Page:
Cryptocurrency

Is Armenia The New Bitcoin Hub?

ECOS Expanding the Facility’s Capacity

A digital platform dubbed ECOS Free Economic Zone brought positive news from Armenia, a nation that doesn’t often make waves on the world crypto map, towards the end of August. ECOS announced expanding the facility’s capacity by 60 megawatts (MW), which has been in operation since 2018.

The mining operation, which is located near one of the hydropower facilities on the Hrazdan River, uses the site’s infrastructure to power containers while receiving its electricity straight from the high-voltage system. Representatives of the platform mentioned that ECOS might grow to produce 200 MW more of renewable power. In contrast, the Berlin Geothermal Plant in El Salvador distributes 1.5MW of the 102MW it generates to cryptocurrency miners, but the Greenidge Generation near Seneca Lake in the State of New York should have generated roughly 44MW.

Perhaps it is high time to evaluate the industrial potential of this post-Soviet country, standing 1,850 meters above sea level, given the developments with crypto mining laws in the Commonwealth of Independent States (CIS) region — nations of the former Soviet Union.

No Updates about the Operations

The most definite thing we know about Armenia in terms of crypto is that it doesn’t provide us with a lot of information. In 2018, the Armenian Blockchain Association filed a lawsuit against digital behemoths including Google, Twitter, and Facebook for prohibiting advertisements linked to cryptocurrencies, together with its counterparts from Switzerland, Kazakhstan, Russia, China, and South Korea. Although there have been some recent improvements to the prohibitions on crypto advertisements, it is unclear where the case will go from here.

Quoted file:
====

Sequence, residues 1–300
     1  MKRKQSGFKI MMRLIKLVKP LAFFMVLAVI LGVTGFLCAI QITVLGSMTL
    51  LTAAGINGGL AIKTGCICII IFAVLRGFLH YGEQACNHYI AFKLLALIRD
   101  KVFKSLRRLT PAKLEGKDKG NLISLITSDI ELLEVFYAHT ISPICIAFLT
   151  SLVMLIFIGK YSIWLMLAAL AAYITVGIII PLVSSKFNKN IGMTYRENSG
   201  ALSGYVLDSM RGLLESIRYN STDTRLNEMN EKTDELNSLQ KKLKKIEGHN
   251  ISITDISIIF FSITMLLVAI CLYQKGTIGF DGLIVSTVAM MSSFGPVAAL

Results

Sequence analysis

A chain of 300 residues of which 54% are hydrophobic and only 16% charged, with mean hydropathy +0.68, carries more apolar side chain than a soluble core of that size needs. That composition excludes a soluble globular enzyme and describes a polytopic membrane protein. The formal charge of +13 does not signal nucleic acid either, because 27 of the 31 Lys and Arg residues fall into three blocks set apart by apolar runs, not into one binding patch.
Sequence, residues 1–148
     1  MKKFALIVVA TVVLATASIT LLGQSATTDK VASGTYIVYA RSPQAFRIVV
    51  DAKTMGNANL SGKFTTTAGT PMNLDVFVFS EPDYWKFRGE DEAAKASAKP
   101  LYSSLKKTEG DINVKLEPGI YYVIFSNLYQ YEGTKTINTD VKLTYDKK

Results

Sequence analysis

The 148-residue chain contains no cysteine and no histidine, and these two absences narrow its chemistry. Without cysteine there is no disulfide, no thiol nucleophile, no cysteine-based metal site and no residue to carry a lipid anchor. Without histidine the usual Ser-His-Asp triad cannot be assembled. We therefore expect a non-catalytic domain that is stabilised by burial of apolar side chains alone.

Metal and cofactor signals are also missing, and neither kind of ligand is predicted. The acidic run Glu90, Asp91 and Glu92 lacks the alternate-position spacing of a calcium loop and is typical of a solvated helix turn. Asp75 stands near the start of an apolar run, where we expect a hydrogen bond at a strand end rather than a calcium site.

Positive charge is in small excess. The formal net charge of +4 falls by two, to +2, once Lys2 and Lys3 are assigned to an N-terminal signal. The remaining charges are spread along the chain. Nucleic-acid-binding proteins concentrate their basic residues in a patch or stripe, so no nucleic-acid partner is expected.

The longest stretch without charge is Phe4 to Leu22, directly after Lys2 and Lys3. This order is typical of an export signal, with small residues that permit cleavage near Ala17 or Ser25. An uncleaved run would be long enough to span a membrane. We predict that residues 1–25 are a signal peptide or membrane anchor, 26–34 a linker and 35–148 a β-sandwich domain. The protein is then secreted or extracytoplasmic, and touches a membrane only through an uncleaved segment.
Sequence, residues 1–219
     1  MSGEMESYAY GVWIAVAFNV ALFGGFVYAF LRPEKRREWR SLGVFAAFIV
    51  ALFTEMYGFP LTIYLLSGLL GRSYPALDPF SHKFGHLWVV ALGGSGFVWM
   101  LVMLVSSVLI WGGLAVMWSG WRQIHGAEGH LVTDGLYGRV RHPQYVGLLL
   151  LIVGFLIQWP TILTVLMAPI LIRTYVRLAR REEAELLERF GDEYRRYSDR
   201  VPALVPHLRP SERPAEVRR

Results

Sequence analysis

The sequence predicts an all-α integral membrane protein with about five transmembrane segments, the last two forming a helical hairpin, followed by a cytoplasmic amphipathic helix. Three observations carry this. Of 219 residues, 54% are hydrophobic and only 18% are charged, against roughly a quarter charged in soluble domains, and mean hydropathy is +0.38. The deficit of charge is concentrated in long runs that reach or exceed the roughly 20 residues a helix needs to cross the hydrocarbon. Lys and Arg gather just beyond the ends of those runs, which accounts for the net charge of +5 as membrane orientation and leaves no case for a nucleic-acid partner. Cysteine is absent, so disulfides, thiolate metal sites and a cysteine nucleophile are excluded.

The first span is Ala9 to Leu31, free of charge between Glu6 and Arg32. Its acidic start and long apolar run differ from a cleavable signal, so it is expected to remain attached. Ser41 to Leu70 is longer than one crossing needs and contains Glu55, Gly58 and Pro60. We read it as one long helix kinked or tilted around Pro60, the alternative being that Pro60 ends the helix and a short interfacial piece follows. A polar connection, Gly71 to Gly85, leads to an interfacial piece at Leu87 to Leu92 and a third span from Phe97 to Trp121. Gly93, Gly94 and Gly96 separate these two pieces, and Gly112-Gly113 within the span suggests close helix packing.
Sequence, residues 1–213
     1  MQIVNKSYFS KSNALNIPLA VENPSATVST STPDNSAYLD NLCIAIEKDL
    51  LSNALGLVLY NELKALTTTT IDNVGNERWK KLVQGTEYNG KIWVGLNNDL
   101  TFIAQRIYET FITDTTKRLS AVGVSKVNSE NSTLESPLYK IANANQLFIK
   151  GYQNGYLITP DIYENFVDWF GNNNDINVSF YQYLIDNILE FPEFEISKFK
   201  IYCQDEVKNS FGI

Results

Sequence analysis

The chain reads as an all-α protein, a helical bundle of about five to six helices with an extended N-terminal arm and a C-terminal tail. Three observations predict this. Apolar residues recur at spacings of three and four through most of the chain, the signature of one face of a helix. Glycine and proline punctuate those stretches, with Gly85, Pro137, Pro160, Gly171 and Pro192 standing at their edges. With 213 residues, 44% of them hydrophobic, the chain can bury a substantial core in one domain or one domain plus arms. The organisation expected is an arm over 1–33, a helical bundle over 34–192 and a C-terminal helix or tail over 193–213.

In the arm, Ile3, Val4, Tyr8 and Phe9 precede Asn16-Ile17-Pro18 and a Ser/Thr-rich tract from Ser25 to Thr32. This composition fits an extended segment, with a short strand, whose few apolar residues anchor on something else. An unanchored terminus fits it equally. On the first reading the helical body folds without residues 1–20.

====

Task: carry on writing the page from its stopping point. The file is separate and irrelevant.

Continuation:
The inauguration ceremony of a new mining farm, which billed itself as one of the biggest in the world, is said to have been attended by Prime Minister Nikol Pashinyan and other prominent figures in the same year. According to estimates from the local media, some $50 million had been spent on building the farm, which now has 3,000 Bitcoin (BTC) and Ether (ETH) mining machines with an eventual capacity of 120,000. The farm is a joint venture between Omnia Tech, a contentious multinational mining company, and Multi Group, a significant Armenian conglomerate led by businessman and politician Gagik Tsarukyan. Since the very first press releases, there have been no updates about the farm’s operations.

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